Kanaka Maoli (Native Hawaiian)
Non-Fiction Writing and Colonialism
writing was introduced to Hawaiʻi in 1820, Kanaka Maoli (Native Hawaiians)
enthusiastically embraced western literacy.
Prolific readers, writers, editors and publishers, by the end of the 19th
century, over 75 Hawaiian newspapers had been established, containing all
genres of writing. While Hawaiian
literature is included in University of Hawaiʻi courses, the focus is on
creative works, from folklore to contemporary writing and multimedia
texts. There is over a century’s worth
of non-fiction writing by and about Kanaka Maoli deserving of close study.
This course will explore major works
of multi-genre Kanaka Maoli non-fiction from the early nineteenth century to
the present within the historical and interpretive contexts of
colonialism. Texts for the course will
be multi-media, and include autobiography, biography, memoir, essay, journal
excerpts, travel writing, essays, interviews, testimonies, audio recordings,
and documentaries primarily written in or translated into English. Students with a Hawaiian language background
are encouraged to conduct research with primary Hawaiian language sources, such
as the vast Hawaiian language newspaper archives.
We will examine pertinent themes
which surface in these works, such as aloha ʻāina (patriotism or Hawaiian
nationalism, eco-consciousness, love for the land), colonial resistance, and
perpetuation of cultural language and arts.
We will look at traditional Hawaiian modes of non-fiction, such as
moʻolelo (history), moʻokūʻauhau (genealogy), mele inoa (name songs), kanikau (laments),
and connection to wahi pana (storied placed).
We will also examine the transition from oral tradition to written
literature, as well as the shift from the indigenous (Hawaiian) to colonial
(English) language, paying attention to the interplay between these factors,
including changes to indigenous non-fiction.
Some questions we will examine include: What are common themes in Kanaka
Maoli non-fiction writing? What are the
contributing factors to Kanaka Maoli focusing on these themes? What can we learn from Kanaka Maoli
non-fiction writing? How does Kanaka
Maoli non-fiction contribute to Hawaiian literature as a whole? How does it contribute to Hawaiian culture
and society in the past and present? How does it (can it) influence the future
in areas such as Hawaiian independence? To a better informed Hawaiian lāhui?
- Familiarize students with a substantial range of Kanaka
Maoli non-fiction writing over a period of approximately 150 years, and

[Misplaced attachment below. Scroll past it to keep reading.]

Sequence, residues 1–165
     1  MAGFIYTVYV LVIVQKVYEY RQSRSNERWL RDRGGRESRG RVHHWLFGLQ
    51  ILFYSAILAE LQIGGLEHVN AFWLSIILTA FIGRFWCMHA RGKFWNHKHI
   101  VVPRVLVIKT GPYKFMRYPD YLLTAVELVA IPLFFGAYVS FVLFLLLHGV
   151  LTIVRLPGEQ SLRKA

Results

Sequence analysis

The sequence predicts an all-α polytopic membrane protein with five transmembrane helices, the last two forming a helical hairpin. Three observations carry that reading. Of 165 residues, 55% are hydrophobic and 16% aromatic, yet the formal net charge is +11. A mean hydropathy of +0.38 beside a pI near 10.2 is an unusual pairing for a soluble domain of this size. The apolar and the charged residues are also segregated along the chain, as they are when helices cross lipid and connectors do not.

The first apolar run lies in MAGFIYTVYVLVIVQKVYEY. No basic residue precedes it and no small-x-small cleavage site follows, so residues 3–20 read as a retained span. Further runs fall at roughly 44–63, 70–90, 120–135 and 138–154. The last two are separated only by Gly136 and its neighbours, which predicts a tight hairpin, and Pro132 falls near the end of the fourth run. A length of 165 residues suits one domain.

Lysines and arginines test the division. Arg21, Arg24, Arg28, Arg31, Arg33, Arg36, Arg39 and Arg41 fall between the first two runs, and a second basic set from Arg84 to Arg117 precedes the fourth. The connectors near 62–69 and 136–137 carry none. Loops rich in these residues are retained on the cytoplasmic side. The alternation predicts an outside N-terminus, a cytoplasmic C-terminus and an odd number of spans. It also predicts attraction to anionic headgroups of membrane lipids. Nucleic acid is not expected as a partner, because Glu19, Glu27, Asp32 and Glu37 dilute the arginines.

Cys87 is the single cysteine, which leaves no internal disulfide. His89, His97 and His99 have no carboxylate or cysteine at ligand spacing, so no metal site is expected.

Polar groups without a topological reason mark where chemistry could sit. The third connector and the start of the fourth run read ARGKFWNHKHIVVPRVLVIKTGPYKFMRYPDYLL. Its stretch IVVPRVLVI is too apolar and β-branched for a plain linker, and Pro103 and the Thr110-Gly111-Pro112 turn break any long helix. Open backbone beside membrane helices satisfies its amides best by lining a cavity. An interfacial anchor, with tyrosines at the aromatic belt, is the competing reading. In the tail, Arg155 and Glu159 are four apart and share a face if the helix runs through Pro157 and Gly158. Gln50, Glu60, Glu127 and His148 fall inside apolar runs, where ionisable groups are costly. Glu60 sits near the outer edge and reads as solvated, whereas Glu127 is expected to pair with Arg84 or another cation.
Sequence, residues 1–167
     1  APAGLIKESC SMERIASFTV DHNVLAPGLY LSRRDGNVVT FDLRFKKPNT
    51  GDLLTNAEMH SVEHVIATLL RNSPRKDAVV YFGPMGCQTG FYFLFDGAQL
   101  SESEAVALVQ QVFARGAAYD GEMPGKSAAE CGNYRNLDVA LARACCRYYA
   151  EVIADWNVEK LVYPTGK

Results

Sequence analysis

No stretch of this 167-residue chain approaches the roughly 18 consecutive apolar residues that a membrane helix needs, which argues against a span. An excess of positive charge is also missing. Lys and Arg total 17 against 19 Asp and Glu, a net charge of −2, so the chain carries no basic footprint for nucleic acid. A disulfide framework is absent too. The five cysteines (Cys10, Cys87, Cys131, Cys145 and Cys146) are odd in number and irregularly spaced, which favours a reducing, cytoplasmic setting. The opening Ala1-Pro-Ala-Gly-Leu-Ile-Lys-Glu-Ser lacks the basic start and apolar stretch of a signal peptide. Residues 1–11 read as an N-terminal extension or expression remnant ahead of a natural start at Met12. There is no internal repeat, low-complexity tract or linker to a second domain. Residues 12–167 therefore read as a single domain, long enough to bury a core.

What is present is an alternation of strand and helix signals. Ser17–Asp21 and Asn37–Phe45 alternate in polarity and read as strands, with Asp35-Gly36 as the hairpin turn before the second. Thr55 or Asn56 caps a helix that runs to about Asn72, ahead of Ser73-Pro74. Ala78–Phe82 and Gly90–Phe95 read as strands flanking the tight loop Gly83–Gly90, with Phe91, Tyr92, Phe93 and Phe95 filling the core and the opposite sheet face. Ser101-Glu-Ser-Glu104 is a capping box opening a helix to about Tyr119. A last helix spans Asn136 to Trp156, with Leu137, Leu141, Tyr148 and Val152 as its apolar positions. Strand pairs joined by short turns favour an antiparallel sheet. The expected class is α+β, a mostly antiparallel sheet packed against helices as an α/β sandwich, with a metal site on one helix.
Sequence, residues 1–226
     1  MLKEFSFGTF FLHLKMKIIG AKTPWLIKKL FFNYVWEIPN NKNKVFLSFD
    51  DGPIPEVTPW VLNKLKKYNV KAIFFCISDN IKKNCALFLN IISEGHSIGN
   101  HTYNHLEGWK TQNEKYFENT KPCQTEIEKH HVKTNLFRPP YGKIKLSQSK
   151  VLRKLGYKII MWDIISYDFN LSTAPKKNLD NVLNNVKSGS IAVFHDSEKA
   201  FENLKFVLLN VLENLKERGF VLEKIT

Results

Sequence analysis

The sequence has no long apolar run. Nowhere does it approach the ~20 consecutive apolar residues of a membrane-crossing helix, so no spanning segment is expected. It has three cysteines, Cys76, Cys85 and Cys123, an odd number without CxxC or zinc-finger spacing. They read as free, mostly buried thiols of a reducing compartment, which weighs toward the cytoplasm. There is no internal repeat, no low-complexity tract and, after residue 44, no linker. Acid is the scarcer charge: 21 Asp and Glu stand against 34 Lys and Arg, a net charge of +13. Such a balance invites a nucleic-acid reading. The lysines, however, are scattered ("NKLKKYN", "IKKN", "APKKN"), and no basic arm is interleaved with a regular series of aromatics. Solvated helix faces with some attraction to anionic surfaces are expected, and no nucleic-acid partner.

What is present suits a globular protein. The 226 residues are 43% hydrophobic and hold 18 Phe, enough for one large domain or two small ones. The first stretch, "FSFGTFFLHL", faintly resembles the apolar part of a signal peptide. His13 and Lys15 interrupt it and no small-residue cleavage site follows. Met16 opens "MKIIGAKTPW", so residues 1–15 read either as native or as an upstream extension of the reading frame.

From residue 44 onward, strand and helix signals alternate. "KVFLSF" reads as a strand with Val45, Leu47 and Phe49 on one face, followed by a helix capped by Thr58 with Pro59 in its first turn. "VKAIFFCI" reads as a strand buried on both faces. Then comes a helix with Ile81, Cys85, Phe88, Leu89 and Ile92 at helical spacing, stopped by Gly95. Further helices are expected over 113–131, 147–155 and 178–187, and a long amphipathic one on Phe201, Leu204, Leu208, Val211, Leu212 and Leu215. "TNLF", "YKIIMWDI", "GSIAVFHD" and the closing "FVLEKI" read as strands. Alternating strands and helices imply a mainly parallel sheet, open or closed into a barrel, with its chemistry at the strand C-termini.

read these texts as cultural, political, and historical productions as
well as informative texts
- Identify and apply indigenous and other critical
theories to the reading of these texts
- Develop a deeper understanding of the role of
non-fiction texts in the broader field of Hawaiian literature
This course is
designed to help students meet the following objectives outlined in the current
English Department Graduate Curriculum Maps:
awareness of the contributions of Oceanic cultures (specifically, Hawaiian
culture) to the formation of the field
of English Studies in the 21st Century
and written assignments will help students understand advanced research methods
research, writing assignments and class presentations, students will be able to
demonstrate advanced critical analysis and place their own scholarly work
within broader critical conversations, and advance research skills for
to student’s ability to map, historicize and contextualize 3 specialized
focus on Hawaiian non-fiction will assist students’ understanding of the
discipline of English today and its relationship to other disciplines such as
history, political science, Hawaiian studies, and indigenous studies as a whole
- Weekly written responses on Laulima to the assigned
reading and films (500 words average each)
- a short paper (8-10 pages on a topic related to Kanaka
Maoli non-fiction that can be related to your final project topic; due
- lead one class discussion on a primary text
- an oral presentation on your final research topic
- completion of final research project (15+ pages of
academic, original research-based writing; fieldwork within a Hawaiian
community; another component, such as creative writing, a recorded
interview, a film, visual images, or use of multimedia, is optional)
- class participation, including regular attendance
- Bowman, Sally Jo Keanuenue. The Heart of Being Hawaiian.
- Desha, Stephen. Kamehameha
and His Warrior Kekūhaupi‘o.
- Holt, John Dominis. On
Being Hawaiian; Recollections.
- Irwin, Bernice Piʻilani. I Knew Queen Liliʻuokalani.
- Kauhi, Emma. The
Story of Kapaʻahu.
- Koʻolau, Piʻilani. The
True Story of Kaluaikoʻolau.
- Liliʻuokalani. Hawaii’s
Story by Hawaii’s Queen.
- Maunupau, Thomas. A
Visit to Kaupō, Maui.
- Nalaielua, Henry. No
Footprints in the Sand: A Memoir of Kalaupapa.
- Trask, Haunani-Kay. From
a Native Daughter.
- Warrior, Robert, Tribal
Secrets: Recovering American Indian Intellectual Traditions
- A course reader